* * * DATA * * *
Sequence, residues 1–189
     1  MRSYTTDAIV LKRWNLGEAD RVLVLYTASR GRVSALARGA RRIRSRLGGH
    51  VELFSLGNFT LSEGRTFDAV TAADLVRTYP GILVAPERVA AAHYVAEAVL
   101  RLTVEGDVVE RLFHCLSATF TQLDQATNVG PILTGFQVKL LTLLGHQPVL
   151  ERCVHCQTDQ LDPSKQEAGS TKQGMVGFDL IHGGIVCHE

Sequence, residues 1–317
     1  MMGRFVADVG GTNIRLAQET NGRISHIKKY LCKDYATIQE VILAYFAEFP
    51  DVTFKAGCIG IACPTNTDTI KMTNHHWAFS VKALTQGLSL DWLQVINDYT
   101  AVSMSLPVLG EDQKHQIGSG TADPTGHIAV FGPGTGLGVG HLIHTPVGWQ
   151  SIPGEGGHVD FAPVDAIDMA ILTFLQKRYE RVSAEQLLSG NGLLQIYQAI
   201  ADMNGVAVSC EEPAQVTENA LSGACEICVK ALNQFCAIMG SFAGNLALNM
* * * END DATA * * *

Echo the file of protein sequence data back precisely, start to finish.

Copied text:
Sequence, residues 1–189
     1  MRSYTTDAIV LKRWNLGEAD RVLVLYTASR GRVSALARGA RRIRSRLGGH
    51  VELFSLGNFT LSEGRTFDAV TAADLVRTYP GILVAPERVA AAHYVAEAVL
   101  RLTVEGDVVE RLFHCLSATF TQLDQATNVG PILTGFQVKL LTLLGHQPVL
   151  ERCVHCQTDQ LDPSKQEAGS TKQGMVGFDL IHGGIVCHE

Sequence, residues 1–317
     1  MMGRFVADVG GTNIRLAQET NGRISHIKKY LCKDYATIQE VILAYFAEFP
    51  DVTFKAGCIG IACPTNTDTI KMTNHHWAFS VKALTQGLSL DWLQVINDYT
   101  AVSMSLPVLG EDQKHQIGSG TADPTGHIAV FGPGTGLGVG HLIHTPVGWQ
   151  SIPGEGGHVD FAPVDAIDMA ILTFLQKRYE RVSAEQLLSG NGLLQIYQAI
   201  ADMNGVAVSC EEPAQVTENA LSGACEICVK ALNQFCAIMG SFAGNLALNM